In his encyclical Miserentissimus Redemptor on reparations, Pope Pius XI called Acts of Reparation to Jesus Christ a duty for Catholics and referred to them as "some sort of compensation to be rendered for the injury" with respect to the sufferings of Jesus.[33]

Pope John Paul II referred to Acts of Reparation as the "unceasing effort to stand beside the endless crosses on which the Son of God continues to be crucified".[34]

Malta[edit]
The Holy Week commemorations reach their peak on Good Friday as the Roman Catholic Church celebrates the passion of Jesus. Solemn celebrations take place in all churches together with processions in different villages around Malta and Gozo. During the celebration, the narrative of the passion is read in some localities. The Adoration of the Cross follows. Good Friday processions take place in Birgu, Bormla, Għaxaq, Luqa, Mosta, Naxxar, Paola, Qormi, Rabat, Senglea, Valletta, Żebbuġ (Città Rohan) and Żejtun. Processions in Gozo will be in Nadur, Victoria (St. George and Cathedral), Xagħra and Żebbuġ, Gozo.


en.wikipedia.org/wiki/Good_Friday

Welcome To Firoze Shakir Albums On Flickr



My Flickr Albums 


Earlier they were known as sets now they
are called Albums ..to all my friends fans
wellwishers a hearty welcome ..public albums you can see ..click and jump ..sorry the transgender others ,,is marked strictly private ..my trump.. out of bounds to  hijra picture stealers scums .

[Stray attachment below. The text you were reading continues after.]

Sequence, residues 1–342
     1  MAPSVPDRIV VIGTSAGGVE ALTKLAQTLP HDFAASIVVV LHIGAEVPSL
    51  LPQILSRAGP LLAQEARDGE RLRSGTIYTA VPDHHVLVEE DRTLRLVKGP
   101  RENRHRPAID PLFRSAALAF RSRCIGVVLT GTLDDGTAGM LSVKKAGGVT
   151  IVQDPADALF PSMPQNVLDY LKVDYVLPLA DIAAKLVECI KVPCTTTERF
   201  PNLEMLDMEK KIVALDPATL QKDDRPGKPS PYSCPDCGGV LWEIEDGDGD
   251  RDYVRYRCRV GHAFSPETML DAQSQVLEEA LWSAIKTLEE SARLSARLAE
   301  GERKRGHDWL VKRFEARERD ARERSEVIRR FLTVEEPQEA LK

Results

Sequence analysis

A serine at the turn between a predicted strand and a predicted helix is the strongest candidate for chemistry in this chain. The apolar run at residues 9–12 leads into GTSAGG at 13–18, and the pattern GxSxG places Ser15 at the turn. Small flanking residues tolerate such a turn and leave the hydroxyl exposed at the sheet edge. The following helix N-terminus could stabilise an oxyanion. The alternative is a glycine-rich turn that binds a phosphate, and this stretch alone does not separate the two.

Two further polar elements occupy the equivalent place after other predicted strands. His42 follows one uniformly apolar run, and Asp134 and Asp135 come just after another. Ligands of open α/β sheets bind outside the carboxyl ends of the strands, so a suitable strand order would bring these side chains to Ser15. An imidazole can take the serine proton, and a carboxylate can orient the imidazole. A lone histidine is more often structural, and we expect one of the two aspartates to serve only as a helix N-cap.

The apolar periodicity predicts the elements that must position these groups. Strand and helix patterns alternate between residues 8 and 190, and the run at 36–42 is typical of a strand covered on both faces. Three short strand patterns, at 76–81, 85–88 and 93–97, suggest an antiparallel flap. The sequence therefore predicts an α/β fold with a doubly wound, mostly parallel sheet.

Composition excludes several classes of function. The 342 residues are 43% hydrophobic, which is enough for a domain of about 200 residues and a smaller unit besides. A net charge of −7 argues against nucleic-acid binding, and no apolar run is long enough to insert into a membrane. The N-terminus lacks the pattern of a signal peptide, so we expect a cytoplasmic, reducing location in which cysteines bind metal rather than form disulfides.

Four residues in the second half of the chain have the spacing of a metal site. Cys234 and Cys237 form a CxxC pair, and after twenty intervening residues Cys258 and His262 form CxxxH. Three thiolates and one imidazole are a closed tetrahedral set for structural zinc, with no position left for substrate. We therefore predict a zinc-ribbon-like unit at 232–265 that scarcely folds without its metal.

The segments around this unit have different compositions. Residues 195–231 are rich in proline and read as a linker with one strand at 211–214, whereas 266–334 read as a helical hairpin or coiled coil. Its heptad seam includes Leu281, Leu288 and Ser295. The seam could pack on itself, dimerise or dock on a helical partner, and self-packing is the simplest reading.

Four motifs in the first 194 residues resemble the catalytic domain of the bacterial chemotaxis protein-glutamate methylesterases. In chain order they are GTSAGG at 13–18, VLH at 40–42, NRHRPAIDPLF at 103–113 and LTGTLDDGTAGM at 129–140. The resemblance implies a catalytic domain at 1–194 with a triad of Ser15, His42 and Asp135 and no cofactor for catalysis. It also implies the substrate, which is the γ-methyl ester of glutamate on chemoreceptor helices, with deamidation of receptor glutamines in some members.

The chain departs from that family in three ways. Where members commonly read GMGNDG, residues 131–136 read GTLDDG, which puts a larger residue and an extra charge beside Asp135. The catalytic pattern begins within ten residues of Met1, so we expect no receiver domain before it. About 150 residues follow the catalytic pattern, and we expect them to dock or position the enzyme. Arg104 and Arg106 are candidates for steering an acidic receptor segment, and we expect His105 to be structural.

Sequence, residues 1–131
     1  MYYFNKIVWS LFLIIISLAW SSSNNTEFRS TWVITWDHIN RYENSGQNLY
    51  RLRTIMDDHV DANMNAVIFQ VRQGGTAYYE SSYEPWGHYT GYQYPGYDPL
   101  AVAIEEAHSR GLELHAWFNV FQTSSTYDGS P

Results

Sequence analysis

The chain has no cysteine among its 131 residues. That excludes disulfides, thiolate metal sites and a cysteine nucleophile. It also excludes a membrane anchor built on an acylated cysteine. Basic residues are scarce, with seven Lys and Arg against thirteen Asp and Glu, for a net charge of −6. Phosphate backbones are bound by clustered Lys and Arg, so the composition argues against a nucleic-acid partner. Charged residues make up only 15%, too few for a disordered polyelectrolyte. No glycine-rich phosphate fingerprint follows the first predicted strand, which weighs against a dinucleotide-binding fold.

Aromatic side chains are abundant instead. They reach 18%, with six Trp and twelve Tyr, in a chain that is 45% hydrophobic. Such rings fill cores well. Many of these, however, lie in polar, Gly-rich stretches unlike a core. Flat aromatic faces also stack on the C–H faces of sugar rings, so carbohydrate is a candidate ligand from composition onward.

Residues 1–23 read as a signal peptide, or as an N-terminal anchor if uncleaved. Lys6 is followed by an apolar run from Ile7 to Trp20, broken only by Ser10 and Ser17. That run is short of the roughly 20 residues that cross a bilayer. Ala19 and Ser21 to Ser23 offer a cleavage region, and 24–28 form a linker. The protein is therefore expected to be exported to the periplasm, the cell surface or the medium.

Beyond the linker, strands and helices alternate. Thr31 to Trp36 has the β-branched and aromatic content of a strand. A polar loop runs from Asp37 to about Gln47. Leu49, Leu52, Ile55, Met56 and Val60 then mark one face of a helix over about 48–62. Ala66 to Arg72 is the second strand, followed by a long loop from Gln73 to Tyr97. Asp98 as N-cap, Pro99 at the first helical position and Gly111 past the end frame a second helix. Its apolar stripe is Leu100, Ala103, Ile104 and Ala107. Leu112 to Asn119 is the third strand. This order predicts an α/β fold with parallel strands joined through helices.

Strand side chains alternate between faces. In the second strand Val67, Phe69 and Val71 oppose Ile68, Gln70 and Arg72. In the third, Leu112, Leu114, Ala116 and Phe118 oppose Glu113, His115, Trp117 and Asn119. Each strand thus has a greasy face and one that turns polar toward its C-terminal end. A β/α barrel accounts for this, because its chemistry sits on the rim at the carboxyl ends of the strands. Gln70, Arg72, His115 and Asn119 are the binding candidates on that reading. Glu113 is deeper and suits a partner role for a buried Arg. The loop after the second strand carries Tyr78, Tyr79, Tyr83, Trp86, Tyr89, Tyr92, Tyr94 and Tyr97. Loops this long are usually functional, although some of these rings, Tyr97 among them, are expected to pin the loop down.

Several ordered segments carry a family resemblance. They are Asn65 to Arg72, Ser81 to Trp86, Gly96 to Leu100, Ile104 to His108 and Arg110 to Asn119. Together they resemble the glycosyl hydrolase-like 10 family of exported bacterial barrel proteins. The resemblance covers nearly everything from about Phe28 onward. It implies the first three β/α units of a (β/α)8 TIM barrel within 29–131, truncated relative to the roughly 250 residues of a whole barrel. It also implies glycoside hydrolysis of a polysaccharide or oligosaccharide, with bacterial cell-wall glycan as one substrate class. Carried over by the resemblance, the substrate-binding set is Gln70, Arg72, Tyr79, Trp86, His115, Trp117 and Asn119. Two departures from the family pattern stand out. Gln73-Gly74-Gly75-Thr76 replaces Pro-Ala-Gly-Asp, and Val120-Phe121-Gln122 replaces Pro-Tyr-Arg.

Shiasm Hinduism Christianity , Sufism ,Street Photography, Poetry , my grandchildrens birth Bollywood - 624 Albums ..including demolitions of slums ..
Bandra Bazar Road , Kumbh Maha Kumbh..
my surrounding poetically pathetic garbage dump..

La Fatah Illa Ali La Saif Illa Zulfiqar”




Kaat ker phir baat meri yeh kiya us ne sawal
Kyun madad Hyder se letay ho bajaye Zuljalal
Mein ne kaha apni boseeda kitaben tou khangal
Us mein mil jaye gi tujh ko Jang-e-Khyber ki misaal
Tujh per ho jaye ga sabit behas yeh baykar hey

Naar-e-Hyder lagana Sunnat-e-Sarkar hey
Moun bana ker tilmila ker phir chali us ki zuban
Tu hey Maulai tou Hyder kay fazail ker bayan
Mein ne kaha is qadar bardasht hey tujh mein kahan
Soch ley dil per teray girnay lagen gi bijliyan
Teri sehat kay liye kafi hey yeh gaybi pukar
La Fatah Illa Ali La Saif Illa Zulfiqar

Piddling On The Soul of a Racist Poet ..


once upon a time
there was a white
racist poet awsome
wells dickinson
a small dick in his
hand he held ..
poems he began to
churn..masturbating
his sorrow out of
turn.. he got the
fright of his life
when he was told
to stamp his snowy
ass the dark brown
beggar poet had
returned ..
so much to unlearn
what you sow is
what you earn..

if not here in hell
wells dickinson
awesomely
you will burn
running after your
baby bum natives
with bow and arrows
water guns ,,

a white racist poet on the run..


Lalbaugh Chya Raja Mukut Darshan 2019

I am perhaps the only Muslim shooting Lalbaugh Chya Raja for over 20 years or more ,,thanks to Mr Sudhir Salvi head honcho of the Mandal.....